Introduction to DNS

In the last post, we learned how to manage incoming traffic to your server using a reverse proxy. But how does that traffic reach your server in the first place?

I made some opaque references to DNS records, but otherwise skipped over the concept.

We’re going to get into it now.

We have to nerd out a bit first, though.

What is TCP/IP?

The most common transport protocol on the Internet is TCP (Transmission Control Protocol), delivered over a network protocol called IP (Internet Protocol). You’ve likely seen the pair referred to as TCP/IP, or “TCP over IP”.

TCP has no inate concept of the transport layer, it is only an established method to establish communication between two entities. Think of TCP like a radio operator. He will use agreed-upon phrases like “roger” “10-4” and “over and out” to interact with the voice at the other end. However, the radio operator could just as well use the same protocol if he were talking directly to a person next to him. IP, on the other hand, is like the radio. It establishes the method for transporting information between the two participants.

A transport protocol can work over multiple network protocols, and a network protocol can carry multiple transport protocols.

IP is the “phone system” of the Internet, to make a crude analogy. In the first version of IP, an address consisted of a 32-bit “dotted quad”, or a series of four integers between 0-255 separated by periods. e.g. 192.168.1.1. This is now known as IPv4 (named so because of the dotted quad).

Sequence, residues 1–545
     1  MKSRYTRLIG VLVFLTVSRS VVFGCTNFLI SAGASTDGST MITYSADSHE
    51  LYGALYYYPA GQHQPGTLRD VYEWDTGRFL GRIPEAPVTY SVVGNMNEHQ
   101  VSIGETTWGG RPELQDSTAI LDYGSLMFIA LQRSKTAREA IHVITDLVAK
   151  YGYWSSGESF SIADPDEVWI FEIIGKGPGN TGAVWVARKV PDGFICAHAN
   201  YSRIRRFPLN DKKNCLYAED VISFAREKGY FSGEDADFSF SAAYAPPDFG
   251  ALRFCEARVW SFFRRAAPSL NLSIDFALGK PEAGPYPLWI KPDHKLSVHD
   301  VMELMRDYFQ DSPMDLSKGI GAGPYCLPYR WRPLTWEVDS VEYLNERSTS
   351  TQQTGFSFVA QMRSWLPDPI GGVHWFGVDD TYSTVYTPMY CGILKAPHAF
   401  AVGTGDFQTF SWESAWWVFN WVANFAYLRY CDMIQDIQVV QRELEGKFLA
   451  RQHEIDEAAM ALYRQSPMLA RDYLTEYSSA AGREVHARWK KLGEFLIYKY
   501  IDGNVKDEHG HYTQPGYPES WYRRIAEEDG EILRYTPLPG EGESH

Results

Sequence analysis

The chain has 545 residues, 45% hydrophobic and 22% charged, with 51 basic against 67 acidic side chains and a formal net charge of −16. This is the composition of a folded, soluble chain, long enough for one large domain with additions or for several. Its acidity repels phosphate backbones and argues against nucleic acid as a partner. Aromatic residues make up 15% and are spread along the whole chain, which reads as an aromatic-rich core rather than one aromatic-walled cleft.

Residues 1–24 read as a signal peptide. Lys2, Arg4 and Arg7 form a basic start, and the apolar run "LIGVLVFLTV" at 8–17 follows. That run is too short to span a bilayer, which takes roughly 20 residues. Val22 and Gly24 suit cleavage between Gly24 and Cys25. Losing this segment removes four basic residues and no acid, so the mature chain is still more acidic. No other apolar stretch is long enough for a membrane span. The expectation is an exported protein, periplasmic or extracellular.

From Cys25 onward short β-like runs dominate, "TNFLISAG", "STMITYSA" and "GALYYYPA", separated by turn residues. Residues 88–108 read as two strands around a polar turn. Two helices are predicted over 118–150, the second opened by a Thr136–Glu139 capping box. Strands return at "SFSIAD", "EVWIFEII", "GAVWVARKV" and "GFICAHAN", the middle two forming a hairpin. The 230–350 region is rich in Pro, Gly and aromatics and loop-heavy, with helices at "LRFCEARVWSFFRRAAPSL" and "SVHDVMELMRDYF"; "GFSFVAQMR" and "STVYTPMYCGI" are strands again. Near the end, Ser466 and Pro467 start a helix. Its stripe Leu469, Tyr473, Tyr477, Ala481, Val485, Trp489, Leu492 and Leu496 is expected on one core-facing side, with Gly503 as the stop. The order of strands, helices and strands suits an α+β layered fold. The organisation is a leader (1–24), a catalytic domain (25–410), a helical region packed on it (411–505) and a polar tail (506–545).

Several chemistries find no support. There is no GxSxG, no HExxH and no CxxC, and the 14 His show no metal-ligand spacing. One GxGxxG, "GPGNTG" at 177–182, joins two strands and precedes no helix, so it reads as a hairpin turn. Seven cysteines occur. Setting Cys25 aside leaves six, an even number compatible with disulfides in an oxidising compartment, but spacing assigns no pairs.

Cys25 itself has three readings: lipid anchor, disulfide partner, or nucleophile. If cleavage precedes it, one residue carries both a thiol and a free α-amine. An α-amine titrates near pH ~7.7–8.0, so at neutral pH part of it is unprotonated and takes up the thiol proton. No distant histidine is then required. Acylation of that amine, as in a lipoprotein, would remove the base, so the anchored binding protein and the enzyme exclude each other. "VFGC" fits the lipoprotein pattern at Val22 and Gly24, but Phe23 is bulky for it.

Since the rise of the Internet and the subsequent exhaustion of the IPv4 address space, a newer version was proposed (IPv6) which represents a 128-bit address consisting of six hexadecimal numbers.

I won’t get too much more into it, but remember that an IP address is a unique identifier of a device communicating over the Internet.

What is DNS?

DNS is an acronym for Domain Name System. It’s commonly referred to as the phone book of the Internet. If you’re old like me, you may have used an actual phone book.

If not, consider that the purpose of a phone book was to match a business name (Joe’s Pizza) with a phone number (555-420-6969). It’s difficult for humans to remember phone numbers, but rather simple to remember names. A phone book was simply a list of name & phone number pairs, divided into sections based on business type (for commercial) or by last name (for residential).

DNS functions in the same way at a high level. We are used to interacting with the Internet using domain names like google.com, twitter.com, and apple.com.

However, the IP protocol is very specialized. It is designed to route traffic from one IP address to another IP address, period. It has no concept of a domain name, so asking it to contact google.com will not work.

Enter DNS. The system is designed to maintain a series of specialized records that translate a domain name to an IP address. Instead of memorizing IP addresses for your favorite websites, a user’s device simply contacts a DNS server every time a new domain name is requested, translates it to an IP, and then sends the TCP traffic over IP to that discovered address.